Validation and Comparison of Physical Models for Soil Salinity Mapping over an Arid Landscape Using Spectral Reflectance Measurements and Landsat-OLI Data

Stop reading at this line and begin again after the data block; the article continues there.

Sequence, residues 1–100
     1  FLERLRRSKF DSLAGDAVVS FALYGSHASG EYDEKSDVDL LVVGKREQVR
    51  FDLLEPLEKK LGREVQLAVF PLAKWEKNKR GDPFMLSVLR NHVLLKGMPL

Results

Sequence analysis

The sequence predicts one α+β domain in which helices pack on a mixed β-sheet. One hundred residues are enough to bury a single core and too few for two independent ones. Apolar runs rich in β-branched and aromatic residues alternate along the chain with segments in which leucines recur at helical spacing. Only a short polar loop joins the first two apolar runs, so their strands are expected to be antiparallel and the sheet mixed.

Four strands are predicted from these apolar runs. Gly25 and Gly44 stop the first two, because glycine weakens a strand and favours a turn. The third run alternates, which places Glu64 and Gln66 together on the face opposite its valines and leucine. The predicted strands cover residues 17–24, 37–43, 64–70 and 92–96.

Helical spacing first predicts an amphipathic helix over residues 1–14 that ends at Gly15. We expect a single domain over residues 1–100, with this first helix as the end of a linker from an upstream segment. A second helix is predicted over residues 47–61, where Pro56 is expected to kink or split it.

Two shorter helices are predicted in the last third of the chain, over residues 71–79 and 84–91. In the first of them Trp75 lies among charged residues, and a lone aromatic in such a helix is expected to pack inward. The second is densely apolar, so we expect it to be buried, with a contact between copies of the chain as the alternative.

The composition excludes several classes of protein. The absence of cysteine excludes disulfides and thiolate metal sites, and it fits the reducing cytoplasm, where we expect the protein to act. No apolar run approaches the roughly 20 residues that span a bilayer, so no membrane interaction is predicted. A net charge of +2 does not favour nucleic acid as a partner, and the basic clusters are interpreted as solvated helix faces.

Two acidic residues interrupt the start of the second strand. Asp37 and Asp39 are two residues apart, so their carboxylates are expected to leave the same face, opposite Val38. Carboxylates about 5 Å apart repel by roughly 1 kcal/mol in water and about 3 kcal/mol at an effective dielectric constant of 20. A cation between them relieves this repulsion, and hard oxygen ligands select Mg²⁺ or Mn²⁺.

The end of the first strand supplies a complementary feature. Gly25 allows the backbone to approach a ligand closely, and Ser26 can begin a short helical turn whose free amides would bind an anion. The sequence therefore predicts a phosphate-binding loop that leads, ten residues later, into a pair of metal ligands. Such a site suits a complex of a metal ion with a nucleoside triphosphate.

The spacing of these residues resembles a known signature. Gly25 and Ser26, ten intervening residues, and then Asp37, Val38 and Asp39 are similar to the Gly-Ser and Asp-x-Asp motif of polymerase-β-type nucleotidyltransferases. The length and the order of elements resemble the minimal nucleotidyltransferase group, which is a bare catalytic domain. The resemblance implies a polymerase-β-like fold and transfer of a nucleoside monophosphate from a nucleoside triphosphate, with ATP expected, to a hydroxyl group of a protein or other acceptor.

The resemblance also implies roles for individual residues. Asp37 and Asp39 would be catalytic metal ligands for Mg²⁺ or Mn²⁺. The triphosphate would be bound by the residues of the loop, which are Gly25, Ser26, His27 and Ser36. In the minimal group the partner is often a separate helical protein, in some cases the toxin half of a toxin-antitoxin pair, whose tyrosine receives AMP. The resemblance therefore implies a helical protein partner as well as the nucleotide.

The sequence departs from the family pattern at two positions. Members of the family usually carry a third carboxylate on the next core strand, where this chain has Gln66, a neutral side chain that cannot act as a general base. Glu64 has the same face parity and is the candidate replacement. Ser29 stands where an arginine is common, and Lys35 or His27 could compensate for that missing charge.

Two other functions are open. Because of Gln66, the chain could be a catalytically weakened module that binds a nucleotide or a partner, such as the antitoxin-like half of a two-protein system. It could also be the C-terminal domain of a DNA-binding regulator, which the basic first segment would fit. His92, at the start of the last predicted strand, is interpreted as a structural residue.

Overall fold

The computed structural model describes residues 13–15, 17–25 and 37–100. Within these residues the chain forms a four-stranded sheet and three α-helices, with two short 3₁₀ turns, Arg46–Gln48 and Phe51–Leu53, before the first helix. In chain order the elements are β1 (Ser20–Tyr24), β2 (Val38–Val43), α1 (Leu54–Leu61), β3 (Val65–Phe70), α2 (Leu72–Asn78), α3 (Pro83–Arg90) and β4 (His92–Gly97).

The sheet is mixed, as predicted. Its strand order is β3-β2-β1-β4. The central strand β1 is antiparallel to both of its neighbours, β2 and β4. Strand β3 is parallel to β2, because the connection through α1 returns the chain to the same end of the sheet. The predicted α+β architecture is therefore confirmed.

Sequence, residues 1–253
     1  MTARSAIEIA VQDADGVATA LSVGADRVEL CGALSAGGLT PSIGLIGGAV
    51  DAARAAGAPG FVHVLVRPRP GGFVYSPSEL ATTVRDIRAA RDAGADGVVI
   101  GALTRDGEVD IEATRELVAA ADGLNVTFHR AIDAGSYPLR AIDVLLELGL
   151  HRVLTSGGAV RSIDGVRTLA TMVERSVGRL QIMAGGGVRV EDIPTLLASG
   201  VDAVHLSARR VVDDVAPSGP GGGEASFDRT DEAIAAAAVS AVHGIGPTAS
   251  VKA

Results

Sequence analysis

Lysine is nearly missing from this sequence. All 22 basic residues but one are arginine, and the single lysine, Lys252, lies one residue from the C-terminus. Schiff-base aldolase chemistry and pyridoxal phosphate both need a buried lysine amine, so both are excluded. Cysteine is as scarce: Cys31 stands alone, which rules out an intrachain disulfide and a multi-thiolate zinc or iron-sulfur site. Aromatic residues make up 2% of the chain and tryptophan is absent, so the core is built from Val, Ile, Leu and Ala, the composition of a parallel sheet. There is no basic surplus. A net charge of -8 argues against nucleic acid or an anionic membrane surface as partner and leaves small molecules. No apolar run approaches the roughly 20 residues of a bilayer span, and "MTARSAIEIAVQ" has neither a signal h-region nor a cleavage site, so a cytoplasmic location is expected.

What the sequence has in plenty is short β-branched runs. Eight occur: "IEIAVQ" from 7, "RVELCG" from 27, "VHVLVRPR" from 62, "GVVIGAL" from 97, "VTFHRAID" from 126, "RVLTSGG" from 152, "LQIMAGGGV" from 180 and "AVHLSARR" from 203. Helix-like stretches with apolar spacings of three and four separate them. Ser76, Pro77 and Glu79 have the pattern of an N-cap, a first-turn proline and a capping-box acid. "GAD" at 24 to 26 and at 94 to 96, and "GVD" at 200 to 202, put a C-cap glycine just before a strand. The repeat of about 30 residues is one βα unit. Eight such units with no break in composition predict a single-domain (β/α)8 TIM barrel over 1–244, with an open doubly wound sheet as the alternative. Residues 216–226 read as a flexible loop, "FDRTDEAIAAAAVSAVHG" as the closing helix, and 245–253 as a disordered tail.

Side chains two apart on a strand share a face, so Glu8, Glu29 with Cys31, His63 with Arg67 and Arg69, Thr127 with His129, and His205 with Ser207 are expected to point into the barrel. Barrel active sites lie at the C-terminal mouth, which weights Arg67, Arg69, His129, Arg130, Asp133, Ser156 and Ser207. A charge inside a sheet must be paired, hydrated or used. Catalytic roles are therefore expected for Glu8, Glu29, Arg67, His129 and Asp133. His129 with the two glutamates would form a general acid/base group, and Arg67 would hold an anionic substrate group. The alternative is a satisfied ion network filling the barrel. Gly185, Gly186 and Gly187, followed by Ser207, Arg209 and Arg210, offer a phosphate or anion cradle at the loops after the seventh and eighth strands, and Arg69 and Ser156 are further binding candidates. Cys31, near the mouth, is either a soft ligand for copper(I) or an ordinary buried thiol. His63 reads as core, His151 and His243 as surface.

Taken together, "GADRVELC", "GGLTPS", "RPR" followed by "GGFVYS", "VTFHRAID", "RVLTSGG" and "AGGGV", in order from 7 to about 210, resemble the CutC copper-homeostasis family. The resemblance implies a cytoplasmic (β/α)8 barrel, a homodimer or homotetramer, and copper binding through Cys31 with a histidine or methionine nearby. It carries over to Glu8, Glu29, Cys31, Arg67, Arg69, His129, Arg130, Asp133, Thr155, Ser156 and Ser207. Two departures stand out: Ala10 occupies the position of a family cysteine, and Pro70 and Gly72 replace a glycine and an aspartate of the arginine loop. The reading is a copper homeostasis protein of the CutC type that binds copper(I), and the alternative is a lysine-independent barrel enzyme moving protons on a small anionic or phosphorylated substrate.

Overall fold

The present study focuses on the validation and comparison of eight different physical models for soil salinity mapping in an arid landscape using two independent Landsat-Operational Land Imager (OLI) datasets: simulated and image data. The examined and compared models were previously developed for different semi-arid and arid geographic regions around the world, i.e., Latino-America, the Middle East, North and East Africa and Asia. These models integrate different spectral bands and unlike mathematical functions in their conceptualization. To achieve the objectives of the study, four main steps were completed. For simulated data, a field survey was organized, and 100 soil samples were collected with various degrees of salinity levels. The bidirectional reflectance factor was measured above each soil sample in a goniometric laboratory using an analytical spectral device (ASD) FieldSpec-4 Hi-Res spectroradiometer. These measurements were resampled and convolved in the solar-reflective bands of the Operational Land Imager (OLI) sensor using a radiative transfer code and the relative spectral response profiles characterizing the filters of the OLI sensor. Then, they were converted in terms of the considered models. Moreover, the OLI image acquired simultaneously with the field survey was radiometrically preprocessed, and the models were implemented to derive soil salinity maps. The laboratory analyses were performed to derive electrical conductivity (EC-Lab) from each soil sample for validation and comparison purposes. These steps were undertaken between predicted salinity (EC-Predicted) and the measured ground truth (EC-Lab) in the same way for simulated and image data using regression analysis (p ˂ 0.05), coefficient of determination (R2), and root mean square error (RMSE). Moreover, the derived maps were visually interpreted and validated by comparison with observations from the field visit, ancillary data (soil, geology, geomorphology and water table maps) and soil laboratory analyses. Regardless of data sources (simulated or image) or the validation mode, the results obtained show that the predictive models based on visible- and near-infrared (VNIR) bands and vegetation indices are inadequate for soil salinity prediction in an arid landscape due to serious signals confusion between the salt crust and soil optical properties in these spectral bands. The statistical tests revealed insignificant fits (R2 ≤ 0.41) with very high prediction errors (RMSE ≥ 0.65), while the model based on the second-order polynomial function and integrating the shortwave infrared (SWIR) bands provided the results of best fit, with the field observations (EC-Lab), yielding an R2 of 0.97 and a low overall RMSE of 0.13. These findings were corroborated by visual interpretation of derived maps and their validation by comparison with the ground truthing.